BRIGHT LIGHTS BIG CITY

Well, we’re back. We have had a successful trip to London which I consider to be quite an achievement. We saw all the things that we set out to see and the children all behaved beautifully. They walked for miles and never complained once. They soaked the places up and were interested in everything that we showed them.

On the way home, I asked each of them in turn if London was what they had imagined. The older two commented on the sheer number of people. Oxford Street at 8 pm was busier than Leeds at lunchtime. Amusingly, the youngest said that he thought that London would be black because of the fire. Bless him.

And what about me? Was London as I remembered? Well, I still have the basic geography in my head and the tube stops all came flooding back. But what struck me as odd was that the first time ever I could really understand why people wanted to live there.

When I was there in my early twenties, I enjoyed myself but I always knew that my time there was finite. I was in London because I knew I never would go back again and I wanted to experience it just so that I could say that I had.

This wasn’t because I had a crystal ball for gazing at my future. It was more a result of how well I knew myself at that time. I was a northern lass. I couldn’t imagine ever settling somewhere that wasn’t populated by northern people (apart from somewhere sunny of course). I had a whole range of prejudices about the south of England based mainly on the idea that all southerners seemed to think that northerners were either badly educated or stupid or both.

To be fair to myself, this was a pretty accurate representation of the opinions of those on my degree course who had deigned to venture beyond Watford Gap. They wore their southern accents like a badge of honour and never managed to totally eradicate the sneer from their tone even though they were now living amongst the enemy.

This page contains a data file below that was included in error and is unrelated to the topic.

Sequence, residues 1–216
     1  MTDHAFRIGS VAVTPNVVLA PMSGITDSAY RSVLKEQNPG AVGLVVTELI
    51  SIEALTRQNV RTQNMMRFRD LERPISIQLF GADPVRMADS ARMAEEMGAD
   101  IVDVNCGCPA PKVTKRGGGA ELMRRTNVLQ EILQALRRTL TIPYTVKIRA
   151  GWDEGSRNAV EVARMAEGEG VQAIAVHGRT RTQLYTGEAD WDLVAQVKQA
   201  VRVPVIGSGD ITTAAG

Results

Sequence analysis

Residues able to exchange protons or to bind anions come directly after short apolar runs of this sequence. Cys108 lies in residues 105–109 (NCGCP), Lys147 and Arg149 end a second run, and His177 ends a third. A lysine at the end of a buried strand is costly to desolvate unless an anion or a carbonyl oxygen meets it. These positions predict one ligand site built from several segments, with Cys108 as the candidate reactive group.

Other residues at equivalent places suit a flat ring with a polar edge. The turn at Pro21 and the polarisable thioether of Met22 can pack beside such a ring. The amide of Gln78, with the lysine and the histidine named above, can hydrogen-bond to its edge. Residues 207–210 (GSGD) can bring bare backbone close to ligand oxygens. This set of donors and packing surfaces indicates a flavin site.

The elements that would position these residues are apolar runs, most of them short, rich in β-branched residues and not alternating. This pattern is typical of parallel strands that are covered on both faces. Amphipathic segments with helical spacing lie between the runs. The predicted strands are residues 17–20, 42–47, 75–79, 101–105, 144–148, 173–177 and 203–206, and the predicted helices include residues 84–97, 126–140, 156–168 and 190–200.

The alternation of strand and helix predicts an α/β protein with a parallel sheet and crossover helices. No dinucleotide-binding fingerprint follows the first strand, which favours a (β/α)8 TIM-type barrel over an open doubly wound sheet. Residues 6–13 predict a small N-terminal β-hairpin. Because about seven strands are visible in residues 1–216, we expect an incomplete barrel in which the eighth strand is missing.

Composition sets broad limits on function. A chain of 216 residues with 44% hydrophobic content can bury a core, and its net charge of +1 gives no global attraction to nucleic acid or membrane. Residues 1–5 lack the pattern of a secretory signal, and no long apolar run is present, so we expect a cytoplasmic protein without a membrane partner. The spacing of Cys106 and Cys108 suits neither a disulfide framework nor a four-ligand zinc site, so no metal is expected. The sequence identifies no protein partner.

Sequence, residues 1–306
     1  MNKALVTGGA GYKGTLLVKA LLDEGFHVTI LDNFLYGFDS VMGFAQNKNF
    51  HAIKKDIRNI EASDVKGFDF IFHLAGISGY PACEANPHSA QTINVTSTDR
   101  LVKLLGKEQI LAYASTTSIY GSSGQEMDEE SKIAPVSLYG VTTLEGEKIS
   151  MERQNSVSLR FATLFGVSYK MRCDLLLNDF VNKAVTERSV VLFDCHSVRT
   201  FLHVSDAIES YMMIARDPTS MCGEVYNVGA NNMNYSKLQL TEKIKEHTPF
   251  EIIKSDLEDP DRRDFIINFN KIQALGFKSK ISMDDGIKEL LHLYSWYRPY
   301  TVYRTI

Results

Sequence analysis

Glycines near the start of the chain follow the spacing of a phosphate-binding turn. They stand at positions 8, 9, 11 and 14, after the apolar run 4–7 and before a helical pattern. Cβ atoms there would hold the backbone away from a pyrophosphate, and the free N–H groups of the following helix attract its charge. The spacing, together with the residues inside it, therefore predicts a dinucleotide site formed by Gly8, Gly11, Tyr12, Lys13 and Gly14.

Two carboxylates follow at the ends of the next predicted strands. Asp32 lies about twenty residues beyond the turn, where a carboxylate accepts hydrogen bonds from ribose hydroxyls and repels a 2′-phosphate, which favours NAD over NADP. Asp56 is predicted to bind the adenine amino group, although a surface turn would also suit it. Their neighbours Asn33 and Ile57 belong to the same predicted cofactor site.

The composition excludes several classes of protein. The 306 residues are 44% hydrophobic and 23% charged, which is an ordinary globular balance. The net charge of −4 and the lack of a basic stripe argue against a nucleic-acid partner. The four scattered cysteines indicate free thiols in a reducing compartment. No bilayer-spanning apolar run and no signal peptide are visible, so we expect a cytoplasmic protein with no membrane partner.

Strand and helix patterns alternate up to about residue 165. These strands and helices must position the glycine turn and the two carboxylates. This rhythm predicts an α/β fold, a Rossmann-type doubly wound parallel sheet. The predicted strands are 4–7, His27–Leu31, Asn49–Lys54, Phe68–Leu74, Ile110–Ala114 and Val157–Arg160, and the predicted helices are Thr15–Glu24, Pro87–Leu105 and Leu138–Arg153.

I, as a fresh faced idealist, found this disdain hard to take on board and it coloured my views fundamentally for many years to follow. Even when I was older and spent a lot of time in London with work, it never left me. London was for visiting but not for keeps.

So my attitude over recent days has thrown me off balance somewhat. I found myself going up escalators reading all the posters of shows that I wanted to see. I was astounded by the number of shops that still hadn’t got a presence in Leeds. But most of all I was delighted by the fact that everyone has their own identity in London.No one looks like anyone else. You don’t seem to find whole swarms of people all wearing variations of the same outfit. Whilst fashion was clearly being nodded to, everyone had their own take on which bits to adopt. This kind of devil may care individualism is sorely lacking in my neck of the woods.

But it wasn’t something I have given much thought to before. Of course I know that my town is very limited in its outlook. There are lots of big fish in a very small pond and the pecking order is clear for all to see. I have felt trapped by its atmosphere for many years, spurred on I suspect, by the fact that I couldn’t leave even if I wanted to. So maybe that’s why the bright lights of the big city suddenly look so appealing.

And this time I was aware of the buzz that I have heard people talk about so many times before. I could feel that excitement that comes with knowing that you are at the centre of things. That’s not something that I’m likely to find in Ilkley either!

Friends of my parents moved to London a few years back. They just sold up their beautiful home to buy something modest but central near the river. I thought they were mad at the time but suddenly their decision looks inspired.

What do you think? I'd love to know...